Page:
Neuronal generators of the visual evoked potentials: intracerebral recording in awake humans

A. Ducati, E. Fava, E. D F Motti

Research output: Contribution to journalArticlepeer-review


Flash and pattern reversal visual evoked potentials were recorded in awake patients undergoing stereotactic procedures for severe dyskinetic disorders resistant to medical treatment. The nucleus ventralis lateralis thalami was reached via an occipital approach. VEPs were recorded on the scalp at the entracce of the intracerebral electrode, and serially from sites at different depths. A polarity reversal of the surface recorded wave form took place as the intracerebral electrode was advanced beneath the surface cortical layers. As concerns F-VEPs, most of the scalp activity mirrored the potentials recorded down to the depth of 70-65 mm from the thalamus. The largest amplitude of intracerebral F-VEPs was obtained from recording sites at 50-70 mm from the thalamus, i.e., in the depth of the calcarine fissure. A negative wave, peaking around 47-50 msec, became evident in recording sites at 30-40 mm from the thalamus but vanished as the electrode was advanced farther. In only one patient could we record a small negative wave, peaking at 33 msec, in the vicinity of the corpus geniculatum externum. Furthermore, the oscillatory activity recorded from the scalp appeared to be generated in the cortical layers. PR-VEPs also underwent polarity reversal as the electrode traversed the cortex. PR-VEPs disappeared more superficially than F-VEPs. No PR-evoked activity could be recorded in the vicinity of the corpus geniculatum externum. We conclude that slow and fast components of VEPs recorded from the scalp are entirely generated in cortical layers.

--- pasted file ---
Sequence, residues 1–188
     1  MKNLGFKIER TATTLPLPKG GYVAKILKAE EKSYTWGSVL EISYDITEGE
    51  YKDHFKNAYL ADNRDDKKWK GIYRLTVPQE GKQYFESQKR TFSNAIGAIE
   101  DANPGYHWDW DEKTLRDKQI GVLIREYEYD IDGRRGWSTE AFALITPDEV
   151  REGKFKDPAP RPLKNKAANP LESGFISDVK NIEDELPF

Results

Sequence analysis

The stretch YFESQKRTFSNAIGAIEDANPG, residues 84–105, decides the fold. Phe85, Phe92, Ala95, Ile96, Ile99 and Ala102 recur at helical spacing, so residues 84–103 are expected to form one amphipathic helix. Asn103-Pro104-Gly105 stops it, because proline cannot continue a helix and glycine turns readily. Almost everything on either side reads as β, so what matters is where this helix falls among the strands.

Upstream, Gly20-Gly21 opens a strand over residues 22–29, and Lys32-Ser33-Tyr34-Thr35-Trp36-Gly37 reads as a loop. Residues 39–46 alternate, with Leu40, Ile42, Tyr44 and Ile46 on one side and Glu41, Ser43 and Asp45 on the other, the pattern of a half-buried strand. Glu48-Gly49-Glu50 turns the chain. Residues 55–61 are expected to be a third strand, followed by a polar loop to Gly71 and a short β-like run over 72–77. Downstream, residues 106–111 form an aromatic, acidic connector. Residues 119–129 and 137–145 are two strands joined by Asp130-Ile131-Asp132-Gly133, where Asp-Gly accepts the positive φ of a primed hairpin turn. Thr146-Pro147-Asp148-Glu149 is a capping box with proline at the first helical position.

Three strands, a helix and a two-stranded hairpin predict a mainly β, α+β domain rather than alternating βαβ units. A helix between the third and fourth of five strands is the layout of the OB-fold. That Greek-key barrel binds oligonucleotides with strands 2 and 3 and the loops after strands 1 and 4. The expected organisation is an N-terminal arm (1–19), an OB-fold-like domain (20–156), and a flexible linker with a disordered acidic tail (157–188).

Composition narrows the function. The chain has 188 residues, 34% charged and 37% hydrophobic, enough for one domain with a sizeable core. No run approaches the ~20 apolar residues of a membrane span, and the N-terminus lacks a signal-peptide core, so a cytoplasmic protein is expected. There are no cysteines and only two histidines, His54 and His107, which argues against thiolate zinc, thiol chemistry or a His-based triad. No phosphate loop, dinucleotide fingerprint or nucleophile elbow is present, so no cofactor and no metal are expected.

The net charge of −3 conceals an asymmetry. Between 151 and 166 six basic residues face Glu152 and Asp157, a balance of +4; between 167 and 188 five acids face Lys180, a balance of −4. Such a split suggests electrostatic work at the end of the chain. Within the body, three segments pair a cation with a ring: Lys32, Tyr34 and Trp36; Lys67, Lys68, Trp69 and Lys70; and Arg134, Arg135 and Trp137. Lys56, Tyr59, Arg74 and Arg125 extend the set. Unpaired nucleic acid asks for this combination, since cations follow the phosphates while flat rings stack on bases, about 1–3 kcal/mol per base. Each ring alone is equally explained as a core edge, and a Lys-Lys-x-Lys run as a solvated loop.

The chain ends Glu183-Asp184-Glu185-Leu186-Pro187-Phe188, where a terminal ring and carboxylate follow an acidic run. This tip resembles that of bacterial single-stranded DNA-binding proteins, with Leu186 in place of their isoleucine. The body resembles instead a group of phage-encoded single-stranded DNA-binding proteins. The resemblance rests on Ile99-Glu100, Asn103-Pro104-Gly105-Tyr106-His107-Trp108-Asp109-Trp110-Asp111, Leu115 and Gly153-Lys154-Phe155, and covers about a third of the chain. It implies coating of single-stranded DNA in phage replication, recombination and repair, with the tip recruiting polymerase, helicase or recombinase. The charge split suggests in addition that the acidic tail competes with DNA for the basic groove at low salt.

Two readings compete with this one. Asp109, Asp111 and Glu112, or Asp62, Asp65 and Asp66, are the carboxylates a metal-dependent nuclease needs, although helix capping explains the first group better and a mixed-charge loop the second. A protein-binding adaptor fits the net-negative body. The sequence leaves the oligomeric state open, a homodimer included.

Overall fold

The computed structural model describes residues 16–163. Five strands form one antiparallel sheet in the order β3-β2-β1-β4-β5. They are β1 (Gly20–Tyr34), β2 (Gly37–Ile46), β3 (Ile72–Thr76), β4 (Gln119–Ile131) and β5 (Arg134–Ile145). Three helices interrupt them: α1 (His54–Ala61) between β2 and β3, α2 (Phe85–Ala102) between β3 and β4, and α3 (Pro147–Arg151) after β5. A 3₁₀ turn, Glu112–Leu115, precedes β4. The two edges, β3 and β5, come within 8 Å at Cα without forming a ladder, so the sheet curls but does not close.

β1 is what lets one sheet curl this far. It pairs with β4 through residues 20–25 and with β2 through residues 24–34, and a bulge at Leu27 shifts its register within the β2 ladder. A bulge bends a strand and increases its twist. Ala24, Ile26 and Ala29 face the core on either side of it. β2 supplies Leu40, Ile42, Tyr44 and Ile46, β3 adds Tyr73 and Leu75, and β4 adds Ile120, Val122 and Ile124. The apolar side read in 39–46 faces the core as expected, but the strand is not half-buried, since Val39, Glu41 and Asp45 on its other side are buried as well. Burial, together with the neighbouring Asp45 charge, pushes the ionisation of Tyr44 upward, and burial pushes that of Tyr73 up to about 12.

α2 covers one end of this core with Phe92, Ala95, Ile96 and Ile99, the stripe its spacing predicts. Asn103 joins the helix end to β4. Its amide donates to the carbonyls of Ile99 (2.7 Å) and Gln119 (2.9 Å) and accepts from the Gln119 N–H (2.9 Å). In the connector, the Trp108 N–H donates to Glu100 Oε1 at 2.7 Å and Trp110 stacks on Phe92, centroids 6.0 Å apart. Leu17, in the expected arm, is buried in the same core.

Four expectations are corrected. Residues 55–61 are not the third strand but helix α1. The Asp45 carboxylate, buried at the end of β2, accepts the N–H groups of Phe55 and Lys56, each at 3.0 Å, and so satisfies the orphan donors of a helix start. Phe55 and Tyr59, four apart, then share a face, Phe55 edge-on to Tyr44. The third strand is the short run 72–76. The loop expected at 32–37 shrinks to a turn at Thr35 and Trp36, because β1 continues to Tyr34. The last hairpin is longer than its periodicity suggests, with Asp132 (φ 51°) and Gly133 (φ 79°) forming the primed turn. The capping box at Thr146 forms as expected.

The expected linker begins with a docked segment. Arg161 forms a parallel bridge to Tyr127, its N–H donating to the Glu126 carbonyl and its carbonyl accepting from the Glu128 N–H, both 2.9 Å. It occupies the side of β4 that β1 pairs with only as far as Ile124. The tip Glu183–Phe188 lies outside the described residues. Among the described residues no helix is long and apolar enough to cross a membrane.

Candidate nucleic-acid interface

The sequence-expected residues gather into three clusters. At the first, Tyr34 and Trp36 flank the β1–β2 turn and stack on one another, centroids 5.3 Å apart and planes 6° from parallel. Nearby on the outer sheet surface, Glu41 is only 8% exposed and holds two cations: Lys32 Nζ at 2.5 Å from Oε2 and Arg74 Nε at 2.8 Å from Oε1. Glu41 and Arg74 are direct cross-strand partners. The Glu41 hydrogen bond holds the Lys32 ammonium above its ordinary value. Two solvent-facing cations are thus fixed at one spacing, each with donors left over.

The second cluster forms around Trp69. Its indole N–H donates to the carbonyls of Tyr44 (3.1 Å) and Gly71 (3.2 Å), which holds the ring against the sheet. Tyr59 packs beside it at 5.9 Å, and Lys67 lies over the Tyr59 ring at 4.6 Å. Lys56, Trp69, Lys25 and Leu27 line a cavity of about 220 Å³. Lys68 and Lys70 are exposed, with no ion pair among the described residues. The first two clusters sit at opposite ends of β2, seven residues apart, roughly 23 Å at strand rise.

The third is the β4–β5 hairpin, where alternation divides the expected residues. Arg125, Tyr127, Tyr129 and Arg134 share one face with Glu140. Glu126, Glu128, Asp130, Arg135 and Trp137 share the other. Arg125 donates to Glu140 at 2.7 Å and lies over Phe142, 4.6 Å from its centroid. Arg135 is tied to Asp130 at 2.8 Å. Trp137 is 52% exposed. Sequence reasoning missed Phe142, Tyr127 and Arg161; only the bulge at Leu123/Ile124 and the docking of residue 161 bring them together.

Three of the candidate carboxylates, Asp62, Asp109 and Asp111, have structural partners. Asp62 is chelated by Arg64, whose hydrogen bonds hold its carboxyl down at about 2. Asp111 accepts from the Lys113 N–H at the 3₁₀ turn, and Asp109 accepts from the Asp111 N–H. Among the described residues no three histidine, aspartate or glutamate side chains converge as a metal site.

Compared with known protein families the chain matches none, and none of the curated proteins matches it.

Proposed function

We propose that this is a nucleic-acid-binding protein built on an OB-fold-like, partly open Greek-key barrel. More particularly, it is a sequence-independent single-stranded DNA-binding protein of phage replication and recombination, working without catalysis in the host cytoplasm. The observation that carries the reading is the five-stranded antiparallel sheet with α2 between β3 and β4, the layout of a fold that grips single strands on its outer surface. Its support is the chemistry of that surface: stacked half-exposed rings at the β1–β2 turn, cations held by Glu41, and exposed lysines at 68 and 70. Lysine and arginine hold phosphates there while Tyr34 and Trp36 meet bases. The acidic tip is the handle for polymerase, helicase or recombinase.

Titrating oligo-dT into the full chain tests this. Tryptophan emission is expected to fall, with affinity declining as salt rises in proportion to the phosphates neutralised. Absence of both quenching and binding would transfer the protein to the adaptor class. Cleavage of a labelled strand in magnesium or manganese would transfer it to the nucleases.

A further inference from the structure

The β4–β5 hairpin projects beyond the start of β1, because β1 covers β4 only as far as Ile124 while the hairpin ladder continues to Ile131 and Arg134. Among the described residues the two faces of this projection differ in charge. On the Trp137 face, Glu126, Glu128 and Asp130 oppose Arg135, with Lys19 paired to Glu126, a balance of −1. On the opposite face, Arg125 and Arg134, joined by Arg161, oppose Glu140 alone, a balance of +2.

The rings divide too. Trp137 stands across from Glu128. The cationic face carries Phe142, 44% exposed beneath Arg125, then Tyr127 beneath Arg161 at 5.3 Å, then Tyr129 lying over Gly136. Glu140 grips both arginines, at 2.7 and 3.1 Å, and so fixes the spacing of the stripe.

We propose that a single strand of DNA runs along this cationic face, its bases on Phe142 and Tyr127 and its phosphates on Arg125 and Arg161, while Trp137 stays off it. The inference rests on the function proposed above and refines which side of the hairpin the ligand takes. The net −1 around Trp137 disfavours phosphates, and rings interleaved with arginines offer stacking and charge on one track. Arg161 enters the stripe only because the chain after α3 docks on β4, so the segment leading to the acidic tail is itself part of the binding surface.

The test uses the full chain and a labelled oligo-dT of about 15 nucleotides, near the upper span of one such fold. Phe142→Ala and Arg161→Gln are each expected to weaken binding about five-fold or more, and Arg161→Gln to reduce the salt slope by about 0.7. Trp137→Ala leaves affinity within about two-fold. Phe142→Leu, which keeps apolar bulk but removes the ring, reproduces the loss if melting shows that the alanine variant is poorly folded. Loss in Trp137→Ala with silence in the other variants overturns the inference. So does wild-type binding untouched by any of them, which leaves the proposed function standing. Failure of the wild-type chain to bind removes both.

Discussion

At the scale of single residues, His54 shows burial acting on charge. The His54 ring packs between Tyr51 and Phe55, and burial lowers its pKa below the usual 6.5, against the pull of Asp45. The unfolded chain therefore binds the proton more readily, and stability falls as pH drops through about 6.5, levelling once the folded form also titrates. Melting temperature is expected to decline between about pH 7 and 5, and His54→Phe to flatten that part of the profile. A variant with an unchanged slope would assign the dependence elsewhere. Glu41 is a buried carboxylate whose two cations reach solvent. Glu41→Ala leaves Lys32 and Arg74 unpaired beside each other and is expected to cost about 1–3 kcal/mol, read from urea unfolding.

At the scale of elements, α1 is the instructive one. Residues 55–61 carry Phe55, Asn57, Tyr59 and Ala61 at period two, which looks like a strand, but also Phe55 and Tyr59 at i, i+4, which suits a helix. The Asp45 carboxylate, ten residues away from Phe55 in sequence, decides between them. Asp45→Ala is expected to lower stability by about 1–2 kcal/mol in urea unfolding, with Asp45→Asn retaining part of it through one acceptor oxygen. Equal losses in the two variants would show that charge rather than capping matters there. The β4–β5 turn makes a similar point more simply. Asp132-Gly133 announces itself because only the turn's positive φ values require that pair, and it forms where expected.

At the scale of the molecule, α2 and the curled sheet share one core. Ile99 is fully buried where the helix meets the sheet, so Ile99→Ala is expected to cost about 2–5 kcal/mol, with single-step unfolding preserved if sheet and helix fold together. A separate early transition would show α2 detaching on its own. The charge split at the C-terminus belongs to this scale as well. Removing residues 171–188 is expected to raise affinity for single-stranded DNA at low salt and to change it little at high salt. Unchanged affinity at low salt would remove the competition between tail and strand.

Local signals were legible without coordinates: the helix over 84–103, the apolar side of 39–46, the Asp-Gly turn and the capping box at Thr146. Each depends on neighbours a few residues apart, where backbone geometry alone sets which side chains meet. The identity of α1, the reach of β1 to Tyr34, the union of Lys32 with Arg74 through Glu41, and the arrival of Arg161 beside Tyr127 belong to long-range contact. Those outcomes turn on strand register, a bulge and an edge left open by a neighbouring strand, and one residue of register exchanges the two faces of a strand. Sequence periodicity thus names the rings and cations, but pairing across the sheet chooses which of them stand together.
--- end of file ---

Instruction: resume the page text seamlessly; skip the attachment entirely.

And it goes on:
Original languageEnglish
Pages (from-to)89-99
Number of pages11
JournalElectroencephalography and Clinical Neurophysiology - Evoked Potentials
Issue number2
Publication statusPublished - 1988


  • Generator
  • Intracerebral recording
  • Man
  • Visual evoked potential

ASJC Scopus subject areas

  • Clinical Neurology
  • Neuroscience(all)


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